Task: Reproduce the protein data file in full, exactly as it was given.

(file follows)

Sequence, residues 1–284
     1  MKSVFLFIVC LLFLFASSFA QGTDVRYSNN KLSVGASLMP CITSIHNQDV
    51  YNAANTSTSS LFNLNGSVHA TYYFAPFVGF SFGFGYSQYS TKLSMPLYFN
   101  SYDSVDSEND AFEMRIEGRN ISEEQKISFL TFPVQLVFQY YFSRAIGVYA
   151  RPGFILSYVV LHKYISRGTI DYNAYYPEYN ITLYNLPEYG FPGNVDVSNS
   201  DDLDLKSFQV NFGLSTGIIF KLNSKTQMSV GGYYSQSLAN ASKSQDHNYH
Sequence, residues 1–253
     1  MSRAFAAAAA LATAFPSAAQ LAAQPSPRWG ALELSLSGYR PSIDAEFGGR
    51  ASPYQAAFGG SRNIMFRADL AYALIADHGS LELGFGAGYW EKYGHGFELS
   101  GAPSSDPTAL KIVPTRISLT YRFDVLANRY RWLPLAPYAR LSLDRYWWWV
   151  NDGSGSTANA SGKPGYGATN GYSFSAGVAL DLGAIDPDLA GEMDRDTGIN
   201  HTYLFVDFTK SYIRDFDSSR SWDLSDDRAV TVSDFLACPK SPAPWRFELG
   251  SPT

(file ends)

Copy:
Sequence, residues 1–284
     1  MKSVFLFIVC LLFLFASSFA QGTDVRYSNN KLSVGASLMP CITSIHNQDV
    51  YNAANTSTSS LFNLNGSVHA TYYFAPFVGF SFGFGYSQYS TKLSMPLYFN
   101  SYDSVDSEND AFEMRIEGRN ISEEQKISFL TFPVQLVFQY YFSRAIGVYA
   151  RPGFILSYVV LHKYISRGTI DYNAYYPEYN ITLYNLPEYG FPGNVDVSNS
   201  DDLDLKSFQV NFGLSTGIIF KLNSKTQMSV GGYYSQSLAN ASKSQDHNYH
Sequence, residues 1–253
     1  MSRAFAAAAA LATAFPSAAQ LAAQPSPRWG ALELSLSGYR PSIDAEFGGR
    51  ASPYQAAFGG SRNIMFRADL AYALIADHGS LELGFGAGYW EKYGHGFELS
   101  GAPSSDPTAL KIVPTRISLT YRFDVLANRY RWLPLAPYAR LSLDRYWWWV
   151  NDGSGSTANA SGKPGYGATN GYSFSAGVAL DLGAIDPDLA GEMDRDTGIN
   201  HTYLFVDFTK SYIRDFDSSR SWDLSDDRAV TVSDFLACPK SPAPWRFELG
   251  SPT